We walked back to The Puzzler along Groenerei, another attractive street.

Sunday, 19 August 2018

16th - 18th August 2018. On to Deinze, then the lovely river Leie to join the Gent Ringvaart to Schipdonk, before going on to Bruges.

From Kortrijk we followed the commercial part of the Leie, then turned off to go to Deinze, where we just missed seeing a major cycle race, which was lapping through the town.

It is a pleasant mooring in Deinze.

These wooden carvings were our favourite part of the church.

Carrying on out of Deinze, early next morning, we were able to admire many fine houses along the attractive river Leie.

We managed to go underneath Astene lift bridge, having removed our front flag, passing some older boats there.

This is really a lovely river.

This is one of the many gorgeous houses to be seen along the riverside.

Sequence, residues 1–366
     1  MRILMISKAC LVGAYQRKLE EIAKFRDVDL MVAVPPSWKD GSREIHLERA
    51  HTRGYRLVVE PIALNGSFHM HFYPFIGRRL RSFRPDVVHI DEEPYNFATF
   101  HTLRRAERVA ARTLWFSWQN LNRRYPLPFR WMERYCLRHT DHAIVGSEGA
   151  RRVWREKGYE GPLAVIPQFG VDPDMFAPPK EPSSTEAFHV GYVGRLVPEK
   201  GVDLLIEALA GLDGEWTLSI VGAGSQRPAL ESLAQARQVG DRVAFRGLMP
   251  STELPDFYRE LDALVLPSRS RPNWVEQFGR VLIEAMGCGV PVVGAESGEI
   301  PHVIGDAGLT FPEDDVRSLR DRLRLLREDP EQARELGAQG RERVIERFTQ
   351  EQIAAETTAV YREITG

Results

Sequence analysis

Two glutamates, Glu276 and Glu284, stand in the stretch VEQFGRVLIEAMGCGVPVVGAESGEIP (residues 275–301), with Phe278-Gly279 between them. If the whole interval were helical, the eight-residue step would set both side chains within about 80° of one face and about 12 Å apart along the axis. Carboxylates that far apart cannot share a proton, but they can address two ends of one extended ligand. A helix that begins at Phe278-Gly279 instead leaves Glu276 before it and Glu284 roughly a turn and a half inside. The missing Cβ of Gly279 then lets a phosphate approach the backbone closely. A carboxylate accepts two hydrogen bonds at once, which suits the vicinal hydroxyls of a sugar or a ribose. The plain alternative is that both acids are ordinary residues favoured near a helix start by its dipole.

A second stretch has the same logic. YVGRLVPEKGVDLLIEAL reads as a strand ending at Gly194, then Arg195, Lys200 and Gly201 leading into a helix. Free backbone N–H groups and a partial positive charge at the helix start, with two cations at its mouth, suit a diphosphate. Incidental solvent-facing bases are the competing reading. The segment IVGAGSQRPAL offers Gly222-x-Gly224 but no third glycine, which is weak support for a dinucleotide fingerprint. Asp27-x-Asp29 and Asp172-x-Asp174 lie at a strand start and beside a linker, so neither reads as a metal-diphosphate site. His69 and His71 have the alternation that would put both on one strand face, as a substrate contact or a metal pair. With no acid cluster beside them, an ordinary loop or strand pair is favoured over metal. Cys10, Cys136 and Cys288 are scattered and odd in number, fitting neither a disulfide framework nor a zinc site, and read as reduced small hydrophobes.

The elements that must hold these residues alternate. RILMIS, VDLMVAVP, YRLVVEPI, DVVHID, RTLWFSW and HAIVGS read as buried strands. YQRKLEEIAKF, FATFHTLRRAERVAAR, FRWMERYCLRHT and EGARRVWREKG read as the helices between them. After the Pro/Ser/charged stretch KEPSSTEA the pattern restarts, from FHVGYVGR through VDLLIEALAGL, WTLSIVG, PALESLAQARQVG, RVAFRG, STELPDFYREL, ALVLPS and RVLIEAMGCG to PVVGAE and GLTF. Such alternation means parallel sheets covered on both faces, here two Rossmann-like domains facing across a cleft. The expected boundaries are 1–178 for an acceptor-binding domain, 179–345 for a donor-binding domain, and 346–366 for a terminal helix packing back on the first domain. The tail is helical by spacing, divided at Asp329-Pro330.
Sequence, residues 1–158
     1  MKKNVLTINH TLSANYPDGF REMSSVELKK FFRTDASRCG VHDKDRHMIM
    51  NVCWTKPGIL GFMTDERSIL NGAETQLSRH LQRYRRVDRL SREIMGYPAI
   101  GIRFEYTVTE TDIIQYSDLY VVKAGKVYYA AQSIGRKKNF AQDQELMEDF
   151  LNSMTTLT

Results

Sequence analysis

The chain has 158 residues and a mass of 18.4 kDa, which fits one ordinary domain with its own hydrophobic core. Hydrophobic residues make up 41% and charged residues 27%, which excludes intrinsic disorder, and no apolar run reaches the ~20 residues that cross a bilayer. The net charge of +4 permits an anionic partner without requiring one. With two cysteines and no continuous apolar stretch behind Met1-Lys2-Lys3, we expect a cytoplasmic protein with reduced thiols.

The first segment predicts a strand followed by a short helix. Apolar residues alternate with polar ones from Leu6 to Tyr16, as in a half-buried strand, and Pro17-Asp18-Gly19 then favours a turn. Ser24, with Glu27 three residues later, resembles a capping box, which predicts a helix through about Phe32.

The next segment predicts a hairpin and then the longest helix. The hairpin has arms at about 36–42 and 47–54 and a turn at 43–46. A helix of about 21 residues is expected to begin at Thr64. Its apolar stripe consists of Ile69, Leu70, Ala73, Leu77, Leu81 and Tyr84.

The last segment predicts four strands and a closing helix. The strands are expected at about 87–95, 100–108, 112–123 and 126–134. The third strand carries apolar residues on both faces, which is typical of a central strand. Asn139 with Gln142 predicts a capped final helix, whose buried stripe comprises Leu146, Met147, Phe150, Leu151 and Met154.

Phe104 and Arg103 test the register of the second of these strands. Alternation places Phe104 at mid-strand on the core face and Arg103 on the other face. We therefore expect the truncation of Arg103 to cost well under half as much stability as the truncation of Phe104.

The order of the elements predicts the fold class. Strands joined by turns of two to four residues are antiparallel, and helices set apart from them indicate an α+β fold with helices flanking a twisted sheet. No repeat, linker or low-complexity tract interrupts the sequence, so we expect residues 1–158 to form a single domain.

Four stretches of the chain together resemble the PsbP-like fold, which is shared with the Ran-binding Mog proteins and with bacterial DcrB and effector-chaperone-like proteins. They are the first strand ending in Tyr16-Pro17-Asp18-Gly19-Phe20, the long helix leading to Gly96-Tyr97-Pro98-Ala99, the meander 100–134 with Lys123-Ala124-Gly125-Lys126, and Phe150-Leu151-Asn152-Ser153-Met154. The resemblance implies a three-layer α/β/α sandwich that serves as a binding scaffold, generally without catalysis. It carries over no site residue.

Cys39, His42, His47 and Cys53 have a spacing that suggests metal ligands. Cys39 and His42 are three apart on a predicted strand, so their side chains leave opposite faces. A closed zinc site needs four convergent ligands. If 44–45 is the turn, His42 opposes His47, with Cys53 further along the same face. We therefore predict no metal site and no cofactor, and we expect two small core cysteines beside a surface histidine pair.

I love this reflection.

Sweeping lawns are obviously the thing to have.

Some houses have a lot of glass.

They seem to be rather a public sort of house to have!

From the river Leie we joined the Gent Ringvaart, which is a major commercial waterway.

The Ringvaart has main roads running along both sides of it, as can be seen by the lorries on each side of us. The traffic is so noisy!
After the Ringvaart, we did a tricky left turn at a big crossroads, on to the Gent-Oostende canal, which is a huge canal at this point. We moored at Schipdonk lock, where barges are turning on to this canal, having bypassed Deinze, and the pretty river Leie.

Carrying on on Saturday, the canal from here to Bruges is smaller. We met a huge 2000 ton barge along here, with four unhappy cruisers stuck behind him!

The swing bridge at Gentpoort is just before our turning in to the Coupure Port in Bruges.

We are booked in here for two nights, while we explore the city.

Friday, 17 August 2018

14th - 16th August 2018. A trip to Lille for Andy, then on to Bosscuit in Flanders, followed by Kortrijk.